I only mention the handicapping as we recently had "Maiden", a late 1970s Whitbread round-the-world racer visit our club and take part on one of our mid week pursuit races.


            Assuming her to be a heavy old thing better suited to big seas in the open ocean than to a short inshore, light wind, round-the-cans jolly, I was perhaps a little cautious in my assessment of her likely performance against our club's slightly more prosaic fleet of cruiser-racers.

            I understood she would be faster, but my goodness, I didn't realise quite how much faster she would be. Whilst there were a few comments in the bar afterwards, I think we got away with excuse that we'd created a great opportunity for the rest of the fleet to see her in action (as she, um, lapped them)...

            Your mid-fleet finish seems to infer a good job was done by sailors and handicappers alike. Well done all.


            • #21
              Re: This one could be fun

              Before the race I met the sailing secretary who had this conundrum. I suggested that traditionally when a new boatentered it's first rum race the handicap was what it took to win. Things have changed a little. The handicap was still set after the race though.


              • #22
                Re: This one could be fun

                Originally posted by Slacko
                Before the race I met the sailing secretary who had this conundrum.
                Originally posted by Slacko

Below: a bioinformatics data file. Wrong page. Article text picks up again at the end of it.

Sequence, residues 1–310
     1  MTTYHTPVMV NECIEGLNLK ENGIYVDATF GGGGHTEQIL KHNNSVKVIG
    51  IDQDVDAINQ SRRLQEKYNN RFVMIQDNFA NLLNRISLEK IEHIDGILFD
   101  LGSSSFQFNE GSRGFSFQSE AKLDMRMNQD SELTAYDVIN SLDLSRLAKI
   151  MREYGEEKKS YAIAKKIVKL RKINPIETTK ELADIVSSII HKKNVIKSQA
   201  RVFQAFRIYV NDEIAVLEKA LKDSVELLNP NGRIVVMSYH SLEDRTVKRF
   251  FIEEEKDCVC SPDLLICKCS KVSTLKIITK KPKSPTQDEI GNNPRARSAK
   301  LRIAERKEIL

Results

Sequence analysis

The top speed achieved by the previous owner was 27 knots so yeah, slippery!
                I suspect the sailing secretary's conundrum won't be going away anytime soon...!


                • #23
                  Re: This one could be fun

                  I've been working away on all the little things to get the ready for more serious racing.
                  Mounting fire extinguishers, installing the battery isolator and bilge pump wiring.
                  The sole boards are now complete as per the following montage.

                  The borders have been painted with some Altex single pack, then masked off for antiskid.

                  Action shot of second coat of anti skid going on. I use the Resene water based product.

                  Drying in the sun. It cracks me up that this is the sum total of interior sole.

                  The big white patch is where the batteries sit. I've got 2 x 17 Amp/hr AGM batteries that will fit in the box that I just sanded and gave a coat of varnish to.
                  There is a little step on top of the box to get inside.
                  The hole is for the top of the bilge pump that will protrude about 10 mm. I can build a little raised section over it if it bothers me or gets in the way.
                  Once I have the sole boards in, I can mount the pump and hose which will exit out the side notch (hopefully!).


                  • #24
                    Re: This one could be fun

                    Nice little tidy up there Slacko. This boat will be "flash as".
                    Focus on the effort not the outcome.

                    Whatever floats your boat.


                    • #25
                      Re: This one could be fun

                      I'm trying not to go down that path, she's never going to be a looker!
                      The outboard mount is going to be a bit flash though with a chunk of 200 x 50 White Oak I dug out of my offcuts shelves to clamp onto.
                      I've got a week of enforced home detention in front of me, so not much happening probably.


                      • #26
                        Re: This one could be fun

                        I've been tinkering away in the evenings and weekends.